A Day: Do You Take Time to Be?

morning coffee set for good start of day
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A review of a day in my life points out where I might need to make some changes. I hope you can use this as a template to look at your own life and identify some areas that might need to be adapted. As I try my best to improve my health, to take time for me, to do the things I want to do I have often gotten a sense of overwhelm. As a Certified HeartMath Trainer, retired nurse, and life and leadership coach I know feeling overwhelmed is sign of stress and too much stress is not healthy. So, I decided to look at how a day might be spent. My information below is not complete, because there are many other things I would like to do.

I have been cancer free for 3 years, this is wonderful, a sigh of relief. I do have a couple of autoimmune diseases that at times cause me extreme fatigue which is usually accompanied by nasty pain in many parts of my body. I need to pay attention to that and make sure I don’t overdo activities, or I am out of commission for several days. I share this with you because I know many people have chronic conditions that limit what can be done in a day.

I have learned in the last few years the best way to do as much as I want is to set limits. What this means is that I set a usual day and if I am having a flare, I take something off the list, if I am having an awesome day, I add one thing to my list. My past behaviour was do as much I as I could – go all out when I felt good – then just spend a few days recovering – whoops – that was not the best way to do things.

As I created my basic day and looked at the amount of time I spent on various activities, I began to wonder how the ‘average’ (I hate that word but can’t think of a more appropriate one right now) person manages in a day. What do we need to change to live a healthy, fulfilled life?

How do you spend your day?

* DisclaimerI am not providing you with medical advice. I am merely sharing information that I have found, some of my own activities. What is good for one is not necessarily good for everyone. Check with your physician or medical team before introducing exercise routines or changing eating habits. My goal is to help you be the best you can be, with that in mind I share what I learn, I share my experiences, and I hope they will help guide you on a journey to a beautiful life.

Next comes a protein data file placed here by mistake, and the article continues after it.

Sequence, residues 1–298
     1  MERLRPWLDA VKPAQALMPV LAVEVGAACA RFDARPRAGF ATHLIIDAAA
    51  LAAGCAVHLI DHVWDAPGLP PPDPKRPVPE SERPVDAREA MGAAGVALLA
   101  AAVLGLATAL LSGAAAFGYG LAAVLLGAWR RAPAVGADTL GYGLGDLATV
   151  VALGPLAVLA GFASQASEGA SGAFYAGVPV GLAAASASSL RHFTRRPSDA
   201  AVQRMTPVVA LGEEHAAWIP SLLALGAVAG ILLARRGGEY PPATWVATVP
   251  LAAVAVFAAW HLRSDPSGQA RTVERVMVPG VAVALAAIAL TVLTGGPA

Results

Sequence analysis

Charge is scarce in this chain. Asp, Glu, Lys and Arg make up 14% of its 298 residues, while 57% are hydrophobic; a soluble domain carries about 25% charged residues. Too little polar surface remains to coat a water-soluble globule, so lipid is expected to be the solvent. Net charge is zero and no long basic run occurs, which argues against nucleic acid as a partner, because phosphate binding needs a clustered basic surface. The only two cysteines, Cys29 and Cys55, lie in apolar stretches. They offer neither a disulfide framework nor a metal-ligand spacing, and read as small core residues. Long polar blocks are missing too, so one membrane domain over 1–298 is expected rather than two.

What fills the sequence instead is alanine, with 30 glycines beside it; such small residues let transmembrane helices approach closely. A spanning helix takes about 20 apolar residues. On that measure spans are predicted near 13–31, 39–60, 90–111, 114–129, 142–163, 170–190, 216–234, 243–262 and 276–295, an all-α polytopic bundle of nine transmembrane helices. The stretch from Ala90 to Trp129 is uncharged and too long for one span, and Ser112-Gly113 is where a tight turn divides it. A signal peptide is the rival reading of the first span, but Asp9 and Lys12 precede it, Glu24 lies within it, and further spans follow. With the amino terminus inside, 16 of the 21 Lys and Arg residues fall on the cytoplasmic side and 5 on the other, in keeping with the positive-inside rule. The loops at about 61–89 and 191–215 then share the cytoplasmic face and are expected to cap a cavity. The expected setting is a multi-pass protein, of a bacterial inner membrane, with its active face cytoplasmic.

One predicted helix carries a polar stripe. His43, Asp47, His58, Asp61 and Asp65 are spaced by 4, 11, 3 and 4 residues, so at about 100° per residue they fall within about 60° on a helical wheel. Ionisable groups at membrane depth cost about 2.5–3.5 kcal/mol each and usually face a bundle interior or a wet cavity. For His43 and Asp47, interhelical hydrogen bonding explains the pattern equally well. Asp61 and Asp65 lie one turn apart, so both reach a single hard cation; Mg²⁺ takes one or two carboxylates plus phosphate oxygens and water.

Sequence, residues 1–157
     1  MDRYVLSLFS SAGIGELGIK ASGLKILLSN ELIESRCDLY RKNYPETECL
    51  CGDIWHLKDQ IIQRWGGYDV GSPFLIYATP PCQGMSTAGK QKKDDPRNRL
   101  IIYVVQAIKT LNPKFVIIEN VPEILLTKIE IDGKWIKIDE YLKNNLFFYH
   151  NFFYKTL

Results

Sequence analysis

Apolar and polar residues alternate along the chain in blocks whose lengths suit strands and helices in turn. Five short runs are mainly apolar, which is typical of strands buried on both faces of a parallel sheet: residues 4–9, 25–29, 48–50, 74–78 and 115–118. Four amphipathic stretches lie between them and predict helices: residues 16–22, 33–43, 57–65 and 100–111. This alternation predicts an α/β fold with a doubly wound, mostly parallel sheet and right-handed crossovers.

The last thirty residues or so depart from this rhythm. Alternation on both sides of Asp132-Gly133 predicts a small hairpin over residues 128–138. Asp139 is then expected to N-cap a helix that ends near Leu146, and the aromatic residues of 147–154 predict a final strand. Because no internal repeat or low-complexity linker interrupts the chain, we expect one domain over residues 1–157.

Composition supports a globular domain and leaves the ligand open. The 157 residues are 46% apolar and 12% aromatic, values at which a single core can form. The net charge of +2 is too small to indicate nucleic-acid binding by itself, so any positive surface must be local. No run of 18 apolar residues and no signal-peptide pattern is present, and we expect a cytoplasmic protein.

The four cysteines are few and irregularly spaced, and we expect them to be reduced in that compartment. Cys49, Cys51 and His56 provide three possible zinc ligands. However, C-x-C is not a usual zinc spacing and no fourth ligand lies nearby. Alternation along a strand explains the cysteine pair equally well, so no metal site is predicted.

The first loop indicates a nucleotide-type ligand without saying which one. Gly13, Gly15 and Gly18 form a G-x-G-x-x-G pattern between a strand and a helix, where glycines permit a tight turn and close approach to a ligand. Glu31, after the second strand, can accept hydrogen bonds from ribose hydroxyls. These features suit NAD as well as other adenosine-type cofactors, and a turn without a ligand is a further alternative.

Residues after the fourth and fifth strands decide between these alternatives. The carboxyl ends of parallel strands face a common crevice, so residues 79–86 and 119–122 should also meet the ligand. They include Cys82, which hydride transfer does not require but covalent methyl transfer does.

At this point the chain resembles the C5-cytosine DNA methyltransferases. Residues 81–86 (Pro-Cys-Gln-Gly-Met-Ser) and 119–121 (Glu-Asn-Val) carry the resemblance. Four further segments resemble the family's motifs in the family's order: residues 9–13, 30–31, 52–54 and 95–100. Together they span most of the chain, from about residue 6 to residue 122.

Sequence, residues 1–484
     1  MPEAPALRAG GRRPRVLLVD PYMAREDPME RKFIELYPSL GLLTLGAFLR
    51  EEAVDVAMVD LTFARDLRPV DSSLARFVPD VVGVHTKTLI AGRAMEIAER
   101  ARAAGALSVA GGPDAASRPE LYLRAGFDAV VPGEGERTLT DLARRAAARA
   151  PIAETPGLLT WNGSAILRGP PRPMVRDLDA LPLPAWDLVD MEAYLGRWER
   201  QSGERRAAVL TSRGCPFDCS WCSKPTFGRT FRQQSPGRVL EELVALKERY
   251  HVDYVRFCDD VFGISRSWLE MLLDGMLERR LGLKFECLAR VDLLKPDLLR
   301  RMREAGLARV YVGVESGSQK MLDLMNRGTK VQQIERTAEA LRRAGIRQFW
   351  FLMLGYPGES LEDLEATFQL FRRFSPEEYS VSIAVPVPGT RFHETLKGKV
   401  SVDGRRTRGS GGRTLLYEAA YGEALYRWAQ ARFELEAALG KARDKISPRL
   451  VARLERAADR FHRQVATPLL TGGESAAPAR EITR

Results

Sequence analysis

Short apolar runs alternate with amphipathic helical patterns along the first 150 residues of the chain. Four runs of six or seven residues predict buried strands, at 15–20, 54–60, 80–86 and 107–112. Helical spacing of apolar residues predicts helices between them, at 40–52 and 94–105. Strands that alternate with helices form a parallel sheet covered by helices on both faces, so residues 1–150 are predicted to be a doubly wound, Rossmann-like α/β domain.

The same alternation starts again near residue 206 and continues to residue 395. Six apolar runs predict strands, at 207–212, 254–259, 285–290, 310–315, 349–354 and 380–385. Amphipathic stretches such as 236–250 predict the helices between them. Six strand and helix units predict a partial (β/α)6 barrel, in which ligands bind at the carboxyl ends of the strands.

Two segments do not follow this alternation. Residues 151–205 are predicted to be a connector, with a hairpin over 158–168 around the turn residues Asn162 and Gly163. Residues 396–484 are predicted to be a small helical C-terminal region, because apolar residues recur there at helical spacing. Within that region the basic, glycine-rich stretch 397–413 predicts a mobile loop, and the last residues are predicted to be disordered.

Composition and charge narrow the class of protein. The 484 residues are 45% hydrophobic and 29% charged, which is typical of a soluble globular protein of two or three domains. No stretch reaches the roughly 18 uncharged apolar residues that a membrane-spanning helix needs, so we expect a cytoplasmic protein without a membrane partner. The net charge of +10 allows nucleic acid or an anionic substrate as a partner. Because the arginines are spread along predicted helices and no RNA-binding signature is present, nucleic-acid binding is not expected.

My basic day

Alarm goes off – before I get out of bed I
– identify 3-5 things for which I am grateful
-determine my daily goal
-do 3-5 slow, deep, focused breaths
Prepare & eat breakfast, feed the dog30
Clean up after meal15
Morning hygiene & make bed30
Review schedule for the day10
Answer emails & other communications60
Meditation (at least once, usually more)10
Prepare & eat lunch30
Clean up after meal10
Get outside for 10 – 20 min.10
Time with dog (walk, play, brush, pet)30
Time with husband30
News – listen, watch, read30
Prepare & eat dinner60
Clean up after meal30
Me time30
Tidy/clean houst30
Job (for me 2 hrs. for others 8 hrs)120
Sub-total625 min = 10 hrs. 35 min.
Sleep8 hrs.
Total18 hrs. 35 min.
Free time for me 5 hrs. 25 min

woman in long sleeve shirt sitting on a rug
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This is a fairly routine day for me, though some things might not be included, and other things added. Note that I have several free hours to do things I enjoy or to rest. I often require more than 8 hours of sleep due to my autoimmune diseases. Once upon a time I would frequently get only 6 hours of sleep. I now know this was very likely not enough. Many people’s routine day will be much fuller. My work/job is only 2 hours with no travel time. For those who work 8 hours per day, this brings the total of things to do to sixteen hours. So, when do you fit in some of the other things you like to do? Not included are volunteer time, time for getting groceries, going to appointments, housework, and yard work/maintenance. Sometimes I like to have an hour or so to visit my neighbour over coffee or have a family dinner which adds a couple of hours to the day. If you have children add in their activities and chauffeuring.

Some things in the above are not things we would do every day but are usually included in the activities of a week. This routine is so full there is no time for adding on spontaneous activities, which I believe is important for everyone.

Assess Your Time